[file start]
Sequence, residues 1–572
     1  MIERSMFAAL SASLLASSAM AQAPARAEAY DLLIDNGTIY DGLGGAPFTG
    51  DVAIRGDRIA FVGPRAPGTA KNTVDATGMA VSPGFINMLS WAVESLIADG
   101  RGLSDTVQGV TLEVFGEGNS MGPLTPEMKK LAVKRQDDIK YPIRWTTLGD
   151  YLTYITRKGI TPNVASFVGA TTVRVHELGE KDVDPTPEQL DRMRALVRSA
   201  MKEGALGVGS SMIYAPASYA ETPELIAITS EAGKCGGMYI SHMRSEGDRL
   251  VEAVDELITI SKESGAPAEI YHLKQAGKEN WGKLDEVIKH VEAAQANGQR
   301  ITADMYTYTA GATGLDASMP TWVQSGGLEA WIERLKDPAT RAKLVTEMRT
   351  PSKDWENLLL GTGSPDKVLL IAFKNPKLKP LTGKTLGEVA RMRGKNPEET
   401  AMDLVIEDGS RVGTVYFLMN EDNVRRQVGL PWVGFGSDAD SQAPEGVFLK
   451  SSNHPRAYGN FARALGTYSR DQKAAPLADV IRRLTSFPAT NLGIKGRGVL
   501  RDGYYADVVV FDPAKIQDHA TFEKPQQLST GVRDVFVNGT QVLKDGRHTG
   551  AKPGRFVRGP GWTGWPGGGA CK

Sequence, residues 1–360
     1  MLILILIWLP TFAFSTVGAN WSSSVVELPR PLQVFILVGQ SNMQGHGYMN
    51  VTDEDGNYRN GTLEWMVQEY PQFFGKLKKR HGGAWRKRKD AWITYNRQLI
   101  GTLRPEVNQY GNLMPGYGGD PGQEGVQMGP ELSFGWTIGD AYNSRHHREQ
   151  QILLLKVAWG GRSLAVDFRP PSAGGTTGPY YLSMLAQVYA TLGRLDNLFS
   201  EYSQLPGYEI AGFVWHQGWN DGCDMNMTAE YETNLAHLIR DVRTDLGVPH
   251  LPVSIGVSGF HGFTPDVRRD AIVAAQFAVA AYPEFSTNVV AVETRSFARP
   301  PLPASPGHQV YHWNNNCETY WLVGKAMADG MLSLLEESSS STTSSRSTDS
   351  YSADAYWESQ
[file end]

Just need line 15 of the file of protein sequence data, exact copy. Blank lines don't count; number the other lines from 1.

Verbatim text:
     1  MLILILIWLP TFAFSTVGAN WSSSVVELPR PLQVFILVGQ SNMQGHGYMN